The limitations of the study are as follows: First, the diagnosis of HCC was based on imaging modalities [triphasic computed tomography (CT) or magnetic resonance imaging (MRI)], not on histological examination. Second, the size of the ROI did not cover the entire HCC; therefore, it might not reflect the heterogeneity of the entire HCC and stiffness measurement in the HCC ROI may not be representative of the full extent of stiffness variation within a tumor. Third, the number of HCC patients was relatively small. Therefore, further studies with larger numbers of HCC patients are warranted to determine the usefulness of ARFI elastography in this special patient population.


In conclusion, ARFI elastography can reflect changes in the stiffness of malignant focal liver lesions accurately and can be used in the prediction of HCC among patients with advanced hepatic fibrosis and cirrhosis in contrast to TE which cannot asses the focal lesion elasticity itself and also cannot be performed in decompensated cirrhotic patients (i.e., ascites).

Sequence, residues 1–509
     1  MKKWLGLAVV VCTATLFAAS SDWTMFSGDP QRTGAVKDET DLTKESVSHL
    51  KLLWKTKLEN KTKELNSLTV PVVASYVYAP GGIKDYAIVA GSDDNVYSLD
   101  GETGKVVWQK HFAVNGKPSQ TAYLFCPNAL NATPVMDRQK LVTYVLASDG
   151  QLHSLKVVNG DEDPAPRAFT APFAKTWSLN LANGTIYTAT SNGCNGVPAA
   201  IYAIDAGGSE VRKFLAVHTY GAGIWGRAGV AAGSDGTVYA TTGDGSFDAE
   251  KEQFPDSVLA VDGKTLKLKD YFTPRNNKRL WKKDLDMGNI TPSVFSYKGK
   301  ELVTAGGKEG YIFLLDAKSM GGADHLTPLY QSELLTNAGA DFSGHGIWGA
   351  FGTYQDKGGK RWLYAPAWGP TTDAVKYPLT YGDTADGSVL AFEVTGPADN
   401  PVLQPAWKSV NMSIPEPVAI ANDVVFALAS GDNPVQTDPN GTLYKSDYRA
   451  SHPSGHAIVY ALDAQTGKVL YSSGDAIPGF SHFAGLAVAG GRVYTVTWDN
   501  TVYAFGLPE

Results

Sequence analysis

Availability of data and materials

The data supporting the results are available from the corresponding author upon reasonable request.



AST/ALT ratio


Alanine transaminase


Age platelets index


AST to Platelet Ratio Index


Acoustic radiation force impulse elastography


Aspartate transaminase


Receiver operating characteristic curve


Chronic hepatitis C


Confidence interval


Chronic liver disease


European Association for the Study of the Liver


Elastography point quantification


Fibrosis-4 score


Hepatitis B virus


Hepatocellular carcinoma


Hepatitis C virus


International normalized ratio


Interquartile range




Liver biopsy


Liver stiffness


Liver stiffness measurement LSM


Magnetic resonance elastography


Non-alcoholic fatty liver disease


Polymerase chain reaction


Percutaneous ethanol injection


Radiofrequency ablation


Ribonucleic acid


Region of Interest


Supersonic shear imaging


Shear wave velocity


Transient elastography


Virtual touch tissue quantification